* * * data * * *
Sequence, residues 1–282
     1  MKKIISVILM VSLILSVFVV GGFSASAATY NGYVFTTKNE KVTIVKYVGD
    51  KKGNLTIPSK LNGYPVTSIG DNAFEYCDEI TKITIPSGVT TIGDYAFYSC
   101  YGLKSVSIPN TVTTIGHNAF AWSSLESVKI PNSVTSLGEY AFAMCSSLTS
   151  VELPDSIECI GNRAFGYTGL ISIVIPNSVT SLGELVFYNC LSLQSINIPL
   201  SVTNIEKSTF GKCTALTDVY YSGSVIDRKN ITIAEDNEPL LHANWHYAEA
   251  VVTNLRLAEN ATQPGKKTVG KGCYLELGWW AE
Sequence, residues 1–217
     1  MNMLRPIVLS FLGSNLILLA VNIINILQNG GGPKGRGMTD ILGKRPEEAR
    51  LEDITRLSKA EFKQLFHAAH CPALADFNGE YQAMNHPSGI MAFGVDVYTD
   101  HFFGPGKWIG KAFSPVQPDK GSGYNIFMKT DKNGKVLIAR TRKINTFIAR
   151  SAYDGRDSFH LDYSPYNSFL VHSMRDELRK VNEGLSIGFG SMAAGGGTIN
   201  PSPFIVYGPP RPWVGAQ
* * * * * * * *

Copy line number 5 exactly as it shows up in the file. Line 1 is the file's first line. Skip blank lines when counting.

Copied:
   151  VELPDSIECI GNRAFGYTGL ISIVIPNSVT SLGELVFYNC LSLQSINIPL